You push the grey button and suddenly you hear a familiar sound, the whirring noise of the fan. A few seconds and the OS is loaded...
LOOK AT MONITOR
You see nothing special. As usual, Cameron Diaz smiles at you from your wallpaper.
You click twice on the Wordpad icon, and after a second the program is loaded.
In 1980 an american woman, Roberta Williams, together with her husband Ken, released a game for the Apple II called, quite simply, "Adventure", written and programmed, as she says, in the family kitchen. It was a text adventure with graphics, like many others, but for the first time graphics were not just standing still on the background, they were truly a significant part of the gameplay. Shortly after, the couple released te first chapter of the King's Quest saga, a game that was going to leave a heavy mark on gaming history, the first great graphic adventure...
... In KQ1 the main character, Sir Graham, had to show worthy in front of the old king of Daventry in order to inherit the throne after his majesty' s death; in KQ2 our hero, now King Graham, has to find a wife and you can bet he won' t just take the first b*tch passing by; In KQ3 our hero is Gwydon, a poor guy that takes care of an evil wizard' s house, and the whole story is somehow connected with Graham and his family; and now, in KQ4, King Graham has grown quite old, and is struck by a terrible curse; only a fairy in a distant land knows how to save him, and so his daughter, Rosella, travels to the land of Tamir on a quest to save her dad...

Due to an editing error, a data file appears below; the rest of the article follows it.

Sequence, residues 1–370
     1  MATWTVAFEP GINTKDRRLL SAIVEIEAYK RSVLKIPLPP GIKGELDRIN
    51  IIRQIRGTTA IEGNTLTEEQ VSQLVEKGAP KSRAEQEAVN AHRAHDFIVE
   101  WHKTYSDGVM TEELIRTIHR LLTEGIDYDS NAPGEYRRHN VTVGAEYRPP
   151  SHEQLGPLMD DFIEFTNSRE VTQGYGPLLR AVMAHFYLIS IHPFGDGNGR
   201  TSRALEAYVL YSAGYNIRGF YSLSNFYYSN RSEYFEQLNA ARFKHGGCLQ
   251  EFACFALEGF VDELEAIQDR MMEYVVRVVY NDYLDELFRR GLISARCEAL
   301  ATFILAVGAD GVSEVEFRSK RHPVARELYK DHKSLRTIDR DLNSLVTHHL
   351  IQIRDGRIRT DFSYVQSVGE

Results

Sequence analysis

Quite good, with big, colourful backgrounds. Too bad the whole thing shows little attention to detail, but stil, this is a 1988 game, and the graphics are much better than the standard of that period. The only real drawback is that a few important objects can be really difficult to spot.
A few (awful) little YM tunes and fx.
This game is the end of an era. It was the last important graphic adventure to use text - based commands before Zak Mc Craken, Lucasfilm games and the IMUSE point & click controls. And the text interface is really well developed; it has answers for a lot of words and phrases, and you' ll hardly see the old damn "sorry, I don' t understand" message.
This is a difficult game, definitely NOT for the unexperienced adventure gamer. Many items are hard to find, and many puzzles are very hard to solve. Oh, and by the way, Rosella has a wicked tendency to die very often. For example, when she falls down a 2 metres high slope she' ll almost certainly crash down as if she dived from a skyscraper. Well, I know, she' s a princess, a fragile and sweet little girl, not the Lara Croft type...
KQ4 is filled with fairy tale stereotypes. Unicorns, fauns, the seven dwarfs, "Pinocchio"' s whale, ogres, evil witches - they' re all here. I used to like this game very much ten years ago, but now, after seeing "Shrek" on the big screen, I think it lacks irony; there aren' t funny jokes or sketches as in the "Monkey Island" saga, for example, and the fairytale quotations, honestly, are a messy potpourri of stereotypes with little or no humour.
Anyway, if you' ve never played a text - based adventure, you should at least give it a try. This is still a good game, despite what I' ve just said. And it' s one of the deepest, most challenging graphic adventures of its time.
Graphics : 7
Sound : 4
Gameplay : 7
Overall : 6